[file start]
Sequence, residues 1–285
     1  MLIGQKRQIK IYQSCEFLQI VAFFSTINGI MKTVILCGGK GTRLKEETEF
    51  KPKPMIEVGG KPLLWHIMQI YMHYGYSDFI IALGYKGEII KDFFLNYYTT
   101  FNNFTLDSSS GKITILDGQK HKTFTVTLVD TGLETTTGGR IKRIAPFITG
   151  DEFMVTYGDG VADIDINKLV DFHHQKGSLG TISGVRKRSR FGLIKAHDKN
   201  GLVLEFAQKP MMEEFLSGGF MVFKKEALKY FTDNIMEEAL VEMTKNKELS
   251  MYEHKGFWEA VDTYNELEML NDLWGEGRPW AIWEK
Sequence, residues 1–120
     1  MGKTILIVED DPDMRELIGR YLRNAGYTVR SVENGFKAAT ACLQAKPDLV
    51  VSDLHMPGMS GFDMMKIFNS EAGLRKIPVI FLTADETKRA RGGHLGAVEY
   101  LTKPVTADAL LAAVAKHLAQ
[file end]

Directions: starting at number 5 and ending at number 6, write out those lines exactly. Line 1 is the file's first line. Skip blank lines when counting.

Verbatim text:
   151  DEFMVTYGDG VADIDINKLV DFHHQKGSLG TISGVRKRSR FGLIKAHDKN
   201  GLVLEFAQKP MMEEFLSGGF MVFKKEALKY FTDNIMEEAL VEMTKNKELS